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terry1An epic Premier League season, packed with uncertainty and unexpected results throughout, saw most of the unknown factors cleared up  following Sunday’s games last week end.



Certainly we learned which three teams are going down to the Championship and also which two of the three sides with a realistic chance making it into the top four have clinched their place.

I say realistic because although mathematically Manchester United can still make it by reaching 71 points, the only team they could just pip is Arsenal who can potentially reach 75 points. However, I believe that with the distraction of the FA Cup Final against Chelsea on the 27th of this month, United will struggle to get more than three points at the most from away games at Southampton and the resurgent Crystal Palace.  If that turns out to be the case and they end with 68 points which clearly won’t be enough since Liverpool, Arsenal and City already had more than that after their weekend exploits.

So, I reckon the weekend left us with it being Manchester City as the favourites to join Chelsea and Spurs and I think Liverpool are likely to complete the foursome. City go into the last week on 72 points and have winnable games at home to West Bromwich and away to Watford. I think they’ll probably win them both and so end up with 78 points which is two more than Liverpool can reach, even if, as expected, they win their only remaining game at home to Middlesbrough to take them to 76 points.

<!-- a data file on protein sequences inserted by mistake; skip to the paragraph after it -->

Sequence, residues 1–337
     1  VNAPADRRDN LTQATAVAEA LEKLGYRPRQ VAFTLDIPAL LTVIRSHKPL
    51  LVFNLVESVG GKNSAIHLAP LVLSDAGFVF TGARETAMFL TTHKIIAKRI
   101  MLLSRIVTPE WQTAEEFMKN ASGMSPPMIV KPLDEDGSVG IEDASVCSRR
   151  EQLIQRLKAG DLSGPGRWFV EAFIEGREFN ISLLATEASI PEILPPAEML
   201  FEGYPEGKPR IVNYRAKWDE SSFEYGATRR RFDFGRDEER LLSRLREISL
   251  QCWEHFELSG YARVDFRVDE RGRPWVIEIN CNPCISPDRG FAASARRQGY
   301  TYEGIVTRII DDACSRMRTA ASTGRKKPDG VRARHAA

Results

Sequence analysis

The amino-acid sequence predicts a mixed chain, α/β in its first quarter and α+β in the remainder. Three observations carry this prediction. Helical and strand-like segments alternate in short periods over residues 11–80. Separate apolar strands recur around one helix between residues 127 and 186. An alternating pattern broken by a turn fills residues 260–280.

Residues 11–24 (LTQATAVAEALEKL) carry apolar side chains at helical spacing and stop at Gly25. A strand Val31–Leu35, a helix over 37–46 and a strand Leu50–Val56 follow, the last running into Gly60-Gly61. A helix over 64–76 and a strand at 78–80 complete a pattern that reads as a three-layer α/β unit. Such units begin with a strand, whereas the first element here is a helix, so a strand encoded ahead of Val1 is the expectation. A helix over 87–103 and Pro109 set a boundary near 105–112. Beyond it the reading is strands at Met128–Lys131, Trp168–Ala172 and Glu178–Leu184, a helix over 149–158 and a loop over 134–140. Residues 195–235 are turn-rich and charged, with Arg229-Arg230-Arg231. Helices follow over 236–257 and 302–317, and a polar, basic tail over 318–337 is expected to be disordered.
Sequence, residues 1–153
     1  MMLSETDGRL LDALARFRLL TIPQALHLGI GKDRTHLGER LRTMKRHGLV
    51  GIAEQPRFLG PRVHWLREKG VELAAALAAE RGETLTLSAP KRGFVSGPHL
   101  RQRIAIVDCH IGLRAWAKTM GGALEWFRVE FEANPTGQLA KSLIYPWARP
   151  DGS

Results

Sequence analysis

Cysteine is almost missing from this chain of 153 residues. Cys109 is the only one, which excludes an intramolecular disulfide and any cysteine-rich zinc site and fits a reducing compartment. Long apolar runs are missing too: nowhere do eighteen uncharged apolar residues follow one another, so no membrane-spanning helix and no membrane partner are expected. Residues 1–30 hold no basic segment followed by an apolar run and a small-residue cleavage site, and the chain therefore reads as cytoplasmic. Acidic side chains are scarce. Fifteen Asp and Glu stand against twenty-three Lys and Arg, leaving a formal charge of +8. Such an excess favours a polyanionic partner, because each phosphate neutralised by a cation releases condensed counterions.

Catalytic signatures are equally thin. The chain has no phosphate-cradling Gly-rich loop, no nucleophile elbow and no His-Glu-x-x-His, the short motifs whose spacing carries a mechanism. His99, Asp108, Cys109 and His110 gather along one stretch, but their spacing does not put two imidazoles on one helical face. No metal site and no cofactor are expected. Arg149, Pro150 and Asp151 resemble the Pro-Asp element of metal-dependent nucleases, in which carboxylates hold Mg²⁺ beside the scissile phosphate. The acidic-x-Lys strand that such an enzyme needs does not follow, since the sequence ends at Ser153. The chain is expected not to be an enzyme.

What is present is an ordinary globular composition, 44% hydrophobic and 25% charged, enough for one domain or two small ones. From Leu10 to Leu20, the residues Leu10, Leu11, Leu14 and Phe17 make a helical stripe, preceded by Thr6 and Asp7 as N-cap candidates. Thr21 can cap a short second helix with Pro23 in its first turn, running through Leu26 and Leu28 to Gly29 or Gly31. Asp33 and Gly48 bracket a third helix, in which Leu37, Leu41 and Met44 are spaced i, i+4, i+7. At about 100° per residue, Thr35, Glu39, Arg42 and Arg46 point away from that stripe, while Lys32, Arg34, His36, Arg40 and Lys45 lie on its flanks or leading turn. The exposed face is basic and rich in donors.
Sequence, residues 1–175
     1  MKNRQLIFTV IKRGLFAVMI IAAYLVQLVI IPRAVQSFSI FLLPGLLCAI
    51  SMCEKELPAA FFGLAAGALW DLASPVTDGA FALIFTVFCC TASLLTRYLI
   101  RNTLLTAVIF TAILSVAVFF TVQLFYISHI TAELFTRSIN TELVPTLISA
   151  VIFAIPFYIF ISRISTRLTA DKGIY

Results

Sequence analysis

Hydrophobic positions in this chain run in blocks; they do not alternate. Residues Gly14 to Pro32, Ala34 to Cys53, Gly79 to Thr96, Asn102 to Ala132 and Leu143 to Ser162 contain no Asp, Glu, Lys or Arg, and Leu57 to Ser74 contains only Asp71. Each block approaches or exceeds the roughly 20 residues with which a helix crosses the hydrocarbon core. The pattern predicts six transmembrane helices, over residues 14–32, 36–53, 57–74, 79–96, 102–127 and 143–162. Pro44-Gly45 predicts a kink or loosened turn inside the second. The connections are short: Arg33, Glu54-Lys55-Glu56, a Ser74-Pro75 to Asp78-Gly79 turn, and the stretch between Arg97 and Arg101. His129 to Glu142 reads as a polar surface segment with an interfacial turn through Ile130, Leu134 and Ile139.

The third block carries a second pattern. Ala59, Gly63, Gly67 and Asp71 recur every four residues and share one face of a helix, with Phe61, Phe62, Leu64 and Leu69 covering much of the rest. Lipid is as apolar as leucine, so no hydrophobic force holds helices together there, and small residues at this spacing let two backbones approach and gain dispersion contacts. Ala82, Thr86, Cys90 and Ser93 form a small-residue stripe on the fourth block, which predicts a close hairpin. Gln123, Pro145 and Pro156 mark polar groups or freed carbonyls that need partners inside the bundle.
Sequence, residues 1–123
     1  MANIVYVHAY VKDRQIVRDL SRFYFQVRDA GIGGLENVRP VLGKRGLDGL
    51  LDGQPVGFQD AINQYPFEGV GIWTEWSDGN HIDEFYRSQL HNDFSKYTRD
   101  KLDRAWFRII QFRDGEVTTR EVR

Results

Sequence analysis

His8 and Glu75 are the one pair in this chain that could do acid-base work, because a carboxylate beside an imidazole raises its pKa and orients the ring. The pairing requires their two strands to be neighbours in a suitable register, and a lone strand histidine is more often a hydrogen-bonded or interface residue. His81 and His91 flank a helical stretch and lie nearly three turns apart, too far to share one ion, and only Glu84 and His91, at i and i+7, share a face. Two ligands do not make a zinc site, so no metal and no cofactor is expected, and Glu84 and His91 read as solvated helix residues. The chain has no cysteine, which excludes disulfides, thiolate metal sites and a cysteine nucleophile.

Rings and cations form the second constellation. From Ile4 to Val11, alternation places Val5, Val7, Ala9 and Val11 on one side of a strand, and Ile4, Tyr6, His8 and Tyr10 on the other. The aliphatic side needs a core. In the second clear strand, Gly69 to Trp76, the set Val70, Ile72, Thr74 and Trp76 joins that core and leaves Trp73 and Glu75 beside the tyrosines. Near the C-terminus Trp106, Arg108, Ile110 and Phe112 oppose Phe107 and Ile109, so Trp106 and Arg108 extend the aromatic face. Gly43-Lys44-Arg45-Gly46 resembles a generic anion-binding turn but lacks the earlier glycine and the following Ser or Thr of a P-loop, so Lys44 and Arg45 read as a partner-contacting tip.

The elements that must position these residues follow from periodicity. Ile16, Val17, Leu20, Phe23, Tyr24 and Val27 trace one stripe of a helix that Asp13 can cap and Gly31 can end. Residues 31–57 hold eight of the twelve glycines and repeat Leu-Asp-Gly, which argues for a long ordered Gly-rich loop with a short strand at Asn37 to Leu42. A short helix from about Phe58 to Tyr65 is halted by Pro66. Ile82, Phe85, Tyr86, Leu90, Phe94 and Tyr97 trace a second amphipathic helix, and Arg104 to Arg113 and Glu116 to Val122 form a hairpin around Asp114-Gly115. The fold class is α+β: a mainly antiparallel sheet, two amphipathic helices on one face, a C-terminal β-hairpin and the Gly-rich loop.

The only team able to just possibly, and I mean just possibly, able to stop this happening is Arsenal. But even if they beat both Sunderland and Everton at the Emirates it will only give them 75 points, so they will have to rely on slip-ups by either City or Liverpool. With goal difference similar for all three clubs it looks as though it will need one of the three to have a big win or to suffer a heavy defeat for it to be a big influence.

Since City and Arsenal are both playing early in this week, we may know the final, successful four by now. Just for the record, and I don’t think I’m being at all controversial to say that I think it’ll be Liverpool and Manchester City joining Chelsea and Spurs in the Champions League next season.

With the relegation places decided, I suppose we can turn our thoughts to next season and how we think the unfortunate three are likely to fare in the Championship. Of course for Hull City and Middlesbrough its back to where they were last season, but with the significant parachute payment from the Premier League to help them regroup and re-form.  Bearing in mind they were good enough to get promoted only twelve months ago with similar squads, they must both be among the favourites for promotion.

I fear Sunderland may need a couple of seasons in the Championship to settle everything down after successive years of unrest and under achievement. They will need to rebuild their squad since it’s a safe bet that other clubs are already considering which of the relegated squad they want to cherry pick away from Sunderland.